My favourite moment in Martin Gilbert’s Life of Churchill is when the Prime Minister is touring the ruins of Hitler’s Chancellery in 1945:
In the square in front of the building a crowd of Germans had gathered. Except for one old man who ‘shook his head disapprovingly’, Churchill later recalled, ‘they all began to cheer. My hate had died with their surrender and I was much moved by their demonstrations, and also by their haggard looks and threadbare clothes.’
Winston had been cheered by pinched civilians in the streets of London on VE Day; he had been cheered by traumatised Tommies at the Western Front in 1918; now here he was being cheered by starving Germans in the midst of Berlin’s shattered masonry. Could any Hollywood producer, possibly recreate the emotion of this bizarre, extraordinary moment, including that single, frowning, head-shaking old man, a devastating vérité touch? Two years later, Churchill, now out of power, is livid at the subjugation of Czechoslovakia and other nations to Soviet tyranny. Ambassador Lew Douglas reports to Washington that Churchill ‘believes that now is the time, promptly, to tell the Soviets that if they do not retire from Berlin and abandon Eastern Germany, we will raze their cities’ – after which, presumably, he would make a personal appearance in each place and be cheered to the echo.
A warm tone of ovation sounds throughout Mary Soames’s stately, proprietorial edition of her parents’ correspondence – the authoritative ties of blood are stressed emphatically on the cover. It is a remarkable manuscript archive, used extensively by Gilbert, but only now available to us in unmediated, if abridged form, tracing their relationship from the shy missives they exchanged as courting young lovers under the same roof at Blenheim Palace in the summer of 1908 to the typed or quavering handwritten notes of 1963 at Number 28, Hyde Park Gate.
Maintaining their nicknames ‘pig’ (originally ‘pug’) and ‘kat’ throughout, with the occasional little squiggly sketch of a pig (or dog) or a cat next to a signature, the Churchills develop their strange and moving epistolary intimacy, against the backdrop of modern British and European history. In her introduction, Soames suggests that the ‘most striking characteristic of this correspondence is its spontaneity and naturalness: these letters were written for each other’s eyes alone, with no thought of a curious posterity looking over their shoulders.’ Not a single thought? Well, perhaps not, though this growing cache of letters must have been kept with enormous care and it is likely that such a prolific writer and journalist as Churchill had somewhere at the back of his mind the idea that they, like Cecily’s diaries in The Importance of Being Earnest, must eventually be published.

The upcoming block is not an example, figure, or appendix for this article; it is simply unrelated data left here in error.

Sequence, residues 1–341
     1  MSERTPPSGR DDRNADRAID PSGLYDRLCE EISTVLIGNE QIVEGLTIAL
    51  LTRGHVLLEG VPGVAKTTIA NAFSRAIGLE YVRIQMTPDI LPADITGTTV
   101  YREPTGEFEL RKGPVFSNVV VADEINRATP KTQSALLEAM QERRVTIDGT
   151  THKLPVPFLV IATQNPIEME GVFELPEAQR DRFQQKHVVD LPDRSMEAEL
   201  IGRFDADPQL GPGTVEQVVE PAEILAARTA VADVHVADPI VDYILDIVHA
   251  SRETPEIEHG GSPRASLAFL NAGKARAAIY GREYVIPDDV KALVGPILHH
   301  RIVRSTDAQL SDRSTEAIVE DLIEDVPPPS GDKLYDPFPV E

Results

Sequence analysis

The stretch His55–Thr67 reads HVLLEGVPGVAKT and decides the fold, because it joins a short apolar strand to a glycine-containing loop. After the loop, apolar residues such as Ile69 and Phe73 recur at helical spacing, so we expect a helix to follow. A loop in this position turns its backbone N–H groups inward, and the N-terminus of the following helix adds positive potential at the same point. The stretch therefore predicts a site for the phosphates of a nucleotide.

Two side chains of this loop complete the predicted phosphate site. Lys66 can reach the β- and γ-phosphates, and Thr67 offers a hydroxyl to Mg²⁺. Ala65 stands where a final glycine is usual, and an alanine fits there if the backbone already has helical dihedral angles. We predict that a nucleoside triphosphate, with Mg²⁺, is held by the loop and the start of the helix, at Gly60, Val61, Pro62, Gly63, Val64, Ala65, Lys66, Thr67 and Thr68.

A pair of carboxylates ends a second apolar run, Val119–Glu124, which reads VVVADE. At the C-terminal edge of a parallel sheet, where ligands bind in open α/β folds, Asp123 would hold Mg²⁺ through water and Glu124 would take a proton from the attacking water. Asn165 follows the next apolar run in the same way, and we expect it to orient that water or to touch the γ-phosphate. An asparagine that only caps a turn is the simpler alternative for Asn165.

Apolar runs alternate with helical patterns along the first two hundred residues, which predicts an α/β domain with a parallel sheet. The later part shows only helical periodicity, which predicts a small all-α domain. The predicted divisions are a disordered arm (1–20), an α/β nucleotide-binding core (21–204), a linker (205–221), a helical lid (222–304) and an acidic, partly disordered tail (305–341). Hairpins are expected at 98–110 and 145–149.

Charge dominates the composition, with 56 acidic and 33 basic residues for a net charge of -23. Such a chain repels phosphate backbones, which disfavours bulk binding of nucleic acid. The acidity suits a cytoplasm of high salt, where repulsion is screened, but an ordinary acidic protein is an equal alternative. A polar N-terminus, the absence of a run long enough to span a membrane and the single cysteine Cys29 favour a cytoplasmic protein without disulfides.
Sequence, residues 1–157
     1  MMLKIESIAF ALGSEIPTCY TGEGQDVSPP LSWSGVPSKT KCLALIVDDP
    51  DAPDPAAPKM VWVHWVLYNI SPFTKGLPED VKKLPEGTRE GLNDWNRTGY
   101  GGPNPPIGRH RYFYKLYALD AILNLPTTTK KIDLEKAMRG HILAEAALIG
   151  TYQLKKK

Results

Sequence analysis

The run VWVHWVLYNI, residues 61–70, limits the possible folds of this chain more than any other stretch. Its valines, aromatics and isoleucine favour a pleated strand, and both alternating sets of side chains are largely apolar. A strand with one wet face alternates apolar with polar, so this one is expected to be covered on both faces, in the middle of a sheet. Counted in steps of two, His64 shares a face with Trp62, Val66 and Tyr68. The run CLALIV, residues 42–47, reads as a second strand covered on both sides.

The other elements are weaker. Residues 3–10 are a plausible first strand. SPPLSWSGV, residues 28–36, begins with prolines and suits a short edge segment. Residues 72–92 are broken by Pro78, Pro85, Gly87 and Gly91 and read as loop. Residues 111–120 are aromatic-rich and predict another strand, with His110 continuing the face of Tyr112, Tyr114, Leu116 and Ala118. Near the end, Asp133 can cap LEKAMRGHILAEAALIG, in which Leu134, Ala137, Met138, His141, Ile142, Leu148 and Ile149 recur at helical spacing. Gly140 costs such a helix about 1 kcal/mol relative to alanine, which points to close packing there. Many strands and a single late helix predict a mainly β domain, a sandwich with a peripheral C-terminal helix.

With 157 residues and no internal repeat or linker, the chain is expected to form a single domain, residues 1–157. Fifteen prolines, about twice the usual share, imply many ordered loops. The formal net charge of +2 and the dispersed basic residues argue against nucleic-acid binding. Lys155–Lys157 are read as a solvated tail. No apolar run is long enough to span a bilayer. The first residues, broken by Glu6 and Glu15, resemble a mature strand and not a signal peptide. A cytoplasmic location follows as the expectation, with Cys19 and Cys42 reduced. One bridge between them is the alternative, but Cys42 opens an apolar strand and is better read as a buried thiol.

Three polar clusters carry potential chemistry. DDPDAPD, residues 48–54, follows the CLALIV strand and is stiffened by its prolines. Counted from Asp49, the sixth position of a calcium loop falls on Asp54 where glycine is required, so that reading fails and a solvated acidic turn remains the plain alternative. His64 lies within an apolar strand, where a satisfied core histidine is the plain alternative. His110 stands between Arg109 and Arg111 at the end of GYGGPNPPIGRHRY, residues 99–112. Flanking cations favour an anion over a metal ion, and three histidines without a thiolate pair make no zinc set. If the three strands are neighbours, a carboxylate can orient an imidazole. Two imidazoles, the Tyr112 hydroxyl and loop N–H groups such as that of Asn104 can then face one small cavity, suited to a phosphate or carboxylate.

Soames uses the sheer amplitude of the correspondence to attest to the closeness of her parents’ relationship. They would write to each other every day, when Winston was abroad, or at the Front, or on Cabinet business or taking in the restorative air of the Riviera – and also when Clementine was abroad, or with her troubled family, or on a bien pensant excursion to investigate the living conditions in the Solomon Islands, or taking in the restorative air of the Riviera. Even when together, they would type memoranda to each other, in beautifully clear sentences.
But does this correspondence not paradoxically indicate a profound division between them? Maybe it is not surprising that at the most important moments in Winston’s life – in 1940, in 1945 – they were apart, but they were apart on so very many other occasions, too. One reason that they blandly give each other for this happy and companionable estrangement is Clemmie’s health, a subject which most often arises in businesslike discussions about where she should go to regain it (self-pity is utterly alien to her, though not entirely to Winston). The reader gets an impression of Clementine’s tendency to indisposition, owing largely to her confinements. But then here is a letter she wrote to Winston in 1913.